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Low Carbohydrate versus Isoenergetic Balanced Diets for Reducing Weight and Cardiovascular Risk: A Systematic Review and Meta-Analysis

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Naude, Celeste E, Schoonees, Anel, Senekal, Marjanne, Young, Taryn, Garner, Paul ORCID: https://orcid.org/0000-0002-0607-6941 and Volmink, Jimmy (2014) 'Low Carbohydrate versus Isoenergetic Balanced Diets for Reducing Weight and Cardiovascular Risk: A Systematic Review and Meta-Analysis'. PLoS ONE, Vol 9, Issue 7, e100652.

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Abstract

Background

Some popular weight loss diets restricting carbohydrates (CHO) claim to be more effective, and have additional health benefits in preventing cardiovascular disease compared to balanced weight loss diets.

Methods and Findings

We compared the effects of low CHO and isoenergetic balanced weight loss diets in overweight and obese adults assessed in randomised controlled trials (minimum follow-up of 12 weeks), and summarised the effects on weight, as well as cardiovascular and diabetes risk. Dietary criteria were derived from existing macronutrient recommendations. We searched Medline, EMBASE and CENTRAL (19 March 2014). Analysis was stratified by outcomes at 3–6 months and 1–2 years, and participants with diabetes were analysed separately. We evaluated dietary adherence and used GRADE to assess the quality of evidence. We calculated mean differences (MD) and performed random-effects meta-analysis. Nineteen trials were included (n = 3209); 3 had adequate allocation concealment. In non-diabetic participants, our analysis showed little or no difference in mean weight loss in the two groups at 3–6 months (MD 0.74 kg, 95%CI −1.49 to 0.01 kg; I2 = 53%; n = 1745, 14 trials; moderate quality evidence) and 1–2 years (MD 0.48 kg, 95%CI −1.44 kg to 0.49 kg; I2 = 12%; n = 1025; 7 trials, moderate quality evidence). Furthermore, little or no difference was detected at 3–6 months and 1–2 years for blood pressure, LDL, HDL and total cholesterol, triglycerides and fasting blood glucose (>914 participants). In diabetic participants, findings showed a similar pattern.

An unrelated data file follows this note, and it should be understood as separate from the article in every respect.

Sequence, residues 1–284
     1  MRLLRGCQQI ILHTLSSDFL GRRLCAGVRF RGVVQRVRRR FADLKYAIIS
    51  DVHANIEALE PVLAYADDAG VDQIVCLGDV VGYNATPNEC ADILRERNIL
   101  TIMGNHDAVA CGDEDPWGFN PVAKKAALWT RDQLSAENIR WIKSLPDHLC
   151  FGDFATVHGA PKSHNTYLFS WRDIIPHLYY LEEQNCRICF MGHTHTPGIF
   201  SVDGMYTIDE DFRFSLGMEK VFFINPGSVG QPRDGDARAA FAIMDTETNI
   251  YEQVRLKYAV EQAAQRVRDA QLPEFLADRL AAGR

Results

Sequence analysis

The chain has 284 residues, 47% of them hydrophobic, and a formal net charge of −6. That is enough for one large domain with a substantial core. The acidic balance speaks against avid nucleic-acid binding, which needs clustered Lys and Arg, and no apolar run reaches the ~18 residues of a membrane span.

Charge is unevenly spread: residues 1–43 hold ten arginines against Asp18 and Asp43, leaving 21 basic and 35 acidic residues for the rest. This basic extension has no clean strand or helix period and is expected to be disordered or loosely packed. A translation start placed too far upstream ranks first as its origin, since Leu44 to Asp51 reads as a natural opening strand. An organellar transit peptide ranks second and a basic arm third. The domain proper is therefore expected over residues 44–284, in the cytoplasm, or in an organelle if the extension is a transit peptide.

Conclusions

Trials show weight loss in the short-term irrespective of whether the diet is low CHO or balanced. There is probably little or no difference in weight loss and changes in cardiovascular risk factors up to two years of follow-up when overweight and obese adults, with or without type 2 diabetes, are randomised to low CHO diets and isoenergetic balanced weight loss diets.

Item Type: Article
Subjects: QU Biochemistry > Carbohydrates. Lipids > QU 75 Carbohydrates
WG Cardiovascular System > WG 120 Cardiovascular diseases
WG Cardiovascular System > WG 20 Research (General)
Faculty: Department: Clinical Sciences & International Health > Clinical Sciences Department
Digital Object Identifer (DOI): https://doi.org/10.1371/journal.pone.0100652
Depositing User: Christianne Esparza
Date Deposited: 15 Aug 2014 08:51
Last Modified: 06 Feb 2018 13:07
URI: https://archive.lstmed.ac.uk/id/eprint/3852

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